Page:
Thursday , February 29 2024
A career to envy, an output to enjoy.

Music Review: Sting – 25 Years

Sting celebrates his time as a solo artist with the aptly named 25 Years, a four-disc set featuring three CDs of 45 remastered songs selected by Sting and a DVD of a previously unreleased live concert recorded at New York City’s Irving Plaza. The discs are held in a hardcover book that contains complete lyrics, photos, and new commentary by Sting. Only the music will be covered in this review because that was all that was made available.

While on tour at the peak of The Police’s popularity in support of Synchronicity, their last studio album, lead singer and bassist Sting decided he wanted a solo career due to a number of factors. When the tour was over in 1984, the band took a break and worked on individual projects. Sting recorded and then in 1985 toured in support of his first solo album, The Dream of the Blue Turtles, which led to the concert film/live album Bring on the Night.

In June 1986, The Police reunited for three dates on the Amnesty International A Conspiracy of Hope Tour. The following month, they met in a studio to create a new album, though Andy Summers wrote in the Message in a Box set, “It was clear Sting had no real intention of writing any new songs for the Police.” The results were remakes of “Don’t Stand So Close to Me” and “De Do Do Do, De Da Da Da” and the end of the band. After nine Grammys and most of his studio albums going at least Platinum, going solo worked out all right as he dabbled in a variety of genres.

Disc 1 starts with the first single from the first album, “If You Love Somebody Set Them Free.” The lyrics contrast with the mindset of the obsessed ex-lover in The Police’s “Every Breath You Take,” the lyrics of which are riffed on during the Caribbean-sounding “Love Is The Seventh Wave.” Inspiration abounds with the jazzy “Consider Me Gone” and the Anne Rice-influenced “Moon Over Bourbon.”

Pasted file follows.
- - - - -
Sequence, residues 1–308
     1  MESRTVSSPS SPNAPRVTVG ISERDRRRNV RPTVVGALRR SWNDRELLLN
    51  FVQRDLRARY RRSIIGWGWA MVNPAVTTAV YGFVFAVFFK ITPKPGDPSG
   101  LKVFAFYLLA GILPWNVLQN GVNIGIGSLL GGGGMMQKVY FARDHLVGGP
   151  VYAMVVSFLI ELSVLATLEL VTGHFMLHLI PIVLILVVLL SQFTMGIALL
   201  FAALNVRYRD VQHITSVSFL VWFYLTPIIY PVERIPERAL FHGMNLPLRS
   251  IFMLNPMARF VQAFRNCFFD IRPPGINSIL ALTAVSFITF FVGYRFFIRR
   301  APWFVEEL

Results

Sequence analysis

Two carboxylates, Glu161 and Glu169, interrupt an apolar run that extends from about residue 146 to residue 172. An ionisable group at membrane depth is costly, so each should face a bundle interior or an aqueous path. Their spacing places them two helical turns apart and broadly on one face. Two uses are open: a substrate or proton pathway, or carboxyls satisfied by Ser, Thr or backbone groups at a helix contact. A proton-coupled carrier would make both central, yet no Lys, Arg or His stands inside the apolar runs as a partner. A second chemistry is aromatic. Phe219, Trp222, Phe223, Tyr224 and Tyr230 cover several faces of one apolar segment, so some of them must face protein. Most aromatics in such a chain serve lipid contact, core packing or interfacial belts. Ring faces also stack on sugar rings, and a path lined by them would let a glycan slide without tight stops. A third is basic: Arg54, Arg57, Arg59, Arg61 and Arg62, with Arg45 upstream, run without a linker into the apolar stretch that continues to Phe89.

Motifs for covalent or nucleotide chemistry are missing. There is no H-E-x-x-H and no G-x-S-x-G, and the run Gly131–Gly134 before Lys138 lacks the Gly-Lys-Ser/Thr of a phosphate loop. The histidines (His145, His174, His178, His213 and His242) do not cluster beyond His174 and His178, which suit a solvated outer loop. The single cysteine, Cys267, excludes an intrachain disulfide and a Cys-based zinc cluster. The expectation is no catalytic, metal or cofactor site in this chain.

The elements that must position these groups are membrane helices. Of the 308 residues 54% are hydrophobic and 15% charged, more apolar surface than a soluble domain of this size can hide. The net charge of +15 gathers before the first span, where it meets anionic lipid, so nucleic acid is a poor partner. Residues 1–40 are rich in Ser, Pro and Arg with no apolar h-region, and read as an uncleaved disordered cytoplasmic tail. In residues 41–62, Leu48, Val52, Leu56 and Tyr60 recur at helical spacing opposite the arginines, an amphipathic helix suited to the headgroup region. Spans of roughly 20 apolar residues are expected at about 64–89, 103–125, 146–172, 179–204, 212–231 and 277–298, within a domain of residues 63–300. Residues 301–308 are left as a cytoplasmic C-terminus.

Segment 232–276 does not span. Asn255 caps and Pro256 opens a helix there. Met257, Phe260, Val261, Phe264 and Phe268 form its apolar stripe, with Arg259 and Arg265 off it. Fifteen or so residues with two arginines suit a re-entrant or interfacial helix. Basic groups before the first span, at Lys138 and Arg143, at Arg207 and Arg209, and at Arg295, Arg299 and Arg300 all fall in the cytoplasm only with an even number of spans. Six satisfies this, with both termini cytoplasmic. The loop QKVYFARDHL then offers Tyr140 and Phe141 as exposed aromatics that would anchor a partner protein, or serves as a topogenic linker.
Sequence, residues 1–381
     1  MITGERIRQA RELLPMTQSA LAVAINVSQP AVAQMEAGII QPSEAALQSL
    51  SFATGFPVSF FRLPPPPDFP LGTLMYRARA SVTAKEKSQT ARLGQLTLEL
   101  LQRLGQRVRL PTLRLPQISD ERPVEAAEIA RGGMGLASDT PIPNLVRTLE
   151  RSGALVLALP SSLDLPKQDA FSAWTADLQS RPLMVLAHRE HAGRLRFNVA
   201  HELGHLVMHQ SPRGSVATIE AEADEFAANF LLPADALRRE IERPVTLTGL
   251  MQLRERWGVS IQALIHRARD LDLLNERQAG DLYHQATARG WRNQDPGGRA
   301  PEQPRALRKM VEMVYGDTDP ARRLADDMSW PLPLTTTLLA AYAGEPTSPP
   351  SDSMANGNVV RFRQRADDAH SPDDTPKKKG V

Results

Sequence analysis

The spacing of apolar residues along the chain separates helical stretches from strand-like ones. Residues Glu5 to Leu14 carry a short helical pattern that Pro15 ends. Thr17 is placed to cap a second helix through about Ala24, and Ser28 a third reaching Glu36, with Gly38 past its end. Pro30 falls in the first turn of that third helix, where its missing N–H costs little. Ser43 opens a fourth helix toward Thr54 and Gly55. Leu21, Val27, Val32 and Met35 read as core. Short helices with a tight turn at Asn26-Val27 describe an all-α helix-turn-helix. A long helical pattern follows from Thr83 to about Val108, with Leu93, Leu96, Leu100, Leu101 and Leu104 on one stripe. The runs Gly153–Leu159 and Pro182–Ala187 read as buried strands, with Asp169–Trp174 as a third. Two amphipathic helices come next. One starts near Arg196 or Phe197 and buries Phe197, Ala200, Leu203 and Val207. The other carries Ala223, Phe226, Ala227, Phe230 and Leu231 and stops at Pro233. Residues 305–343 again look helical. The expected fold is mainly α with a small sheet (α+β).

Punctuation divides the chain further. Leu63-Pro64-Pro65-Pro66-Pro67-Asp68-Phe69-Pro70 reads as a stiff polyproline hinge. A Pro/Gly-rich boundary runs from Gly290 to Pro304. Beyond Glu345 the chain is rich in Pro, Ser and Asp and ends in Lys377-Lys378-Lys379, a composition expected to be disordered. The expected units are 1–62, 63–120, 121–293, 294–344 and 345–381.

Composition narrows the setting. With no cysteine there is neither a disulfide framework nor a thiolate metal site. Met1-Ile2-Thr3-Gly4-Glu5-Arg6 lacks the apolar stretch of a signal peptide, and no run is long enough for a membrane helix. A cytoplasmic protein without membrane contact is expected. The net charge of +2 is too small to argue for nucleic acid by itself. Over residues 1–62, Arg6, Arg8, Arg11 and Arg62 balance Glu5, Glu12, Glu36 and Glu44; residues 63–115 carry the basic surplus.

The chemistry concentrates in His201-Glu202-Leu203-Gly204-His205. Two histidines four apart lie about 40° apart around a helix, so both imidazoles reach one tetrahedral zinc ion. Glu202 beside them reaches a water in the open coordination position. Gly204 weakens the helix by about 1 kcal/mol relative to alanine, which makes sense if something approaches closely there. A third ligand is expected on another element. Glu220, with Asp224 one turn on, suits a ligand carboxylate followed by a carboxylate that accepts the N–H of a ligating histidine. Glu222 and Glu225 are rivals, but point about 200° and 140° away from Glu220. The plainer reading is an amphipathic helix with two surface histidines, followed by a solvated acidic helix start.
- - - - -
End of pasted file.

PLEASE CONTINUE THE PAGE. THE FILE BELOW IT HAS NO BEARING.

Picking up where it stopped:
The tracks from Bring on the Night are three Police tunes with his touring jazz band and he lets the musicians shine. Kenny Kirkland takes an extended lead on the keys during the lengthy “Bring on the Night/When the World Is Running Down You Make the Best of What’s Still Around” (Live) and saxophonist Branford Marsalis shines on “Driven To Tears.” The obscure “I Burn For You” (Live) is taken from the Brimstone and Treacle soundtrack.

The remainder of the disc concludes with songs from 1987’s …Nothing Like the Sun. Sting is joined by former bandmate Summers on “Be Still My Beating Heart.” On “They Dance Alone (Cueca Solo),” a heartbreaking song about the response of Chilean women to the loss of loved ones at the hands of the Pinochet regime, Ruben Blades sings with Sting. Also appearing are Eric Clapton and Mark Knopfler on guitar, the latter no doubt returning the favor after Sting’s memorable contribution on Dire Straits’ smash hit “I Want My MTV, but their work is restrained. I wouldn’t even have known they were there. Sandwiched between soft, gentle songs like “Fragile” and “Secret Marriage,” Sting brings da funk on “We’ll Be Together,” where he continues referencing past works with lyrics from “If You Love Somebody….”

Disc 2 moves into a new decade yet Sting continues to demonstrate what a talented songwriter he is as his jazz proclivities give away to pop sensibilities. Half the tracks from 1991’s The Soul Cages, a concept album where Sting dealt with the death of his father, open the disc. Most notable among the singles released that appear are “All This Time” about a young man named Billy burying his father at sea. We then get half of the Ten Summoner’s Tales from 1993, including the conflicted “If I Ever Lose My Faith In You” with the organ and sax contributing to an upbeat, peppy sound contrasting with the downbeat lyrics where the narrator has little faith in anything. The Chromatic harmonica and Northumbrian smallpipes in the arrangement of “Fields Of Gold” contribute to the new age/adult contemporary sound that began shape Sting’s music. “It’s Probably Me” had been a collaboration between Sting, Eric Clapton, Michael Kamen, and David Sanborn for Lethal Weapon 3. His re-recorded version appears here. “Shape Of My Heart” might sound familiar to some as the backing track has been sampled in a number of R&B and hip hop songs.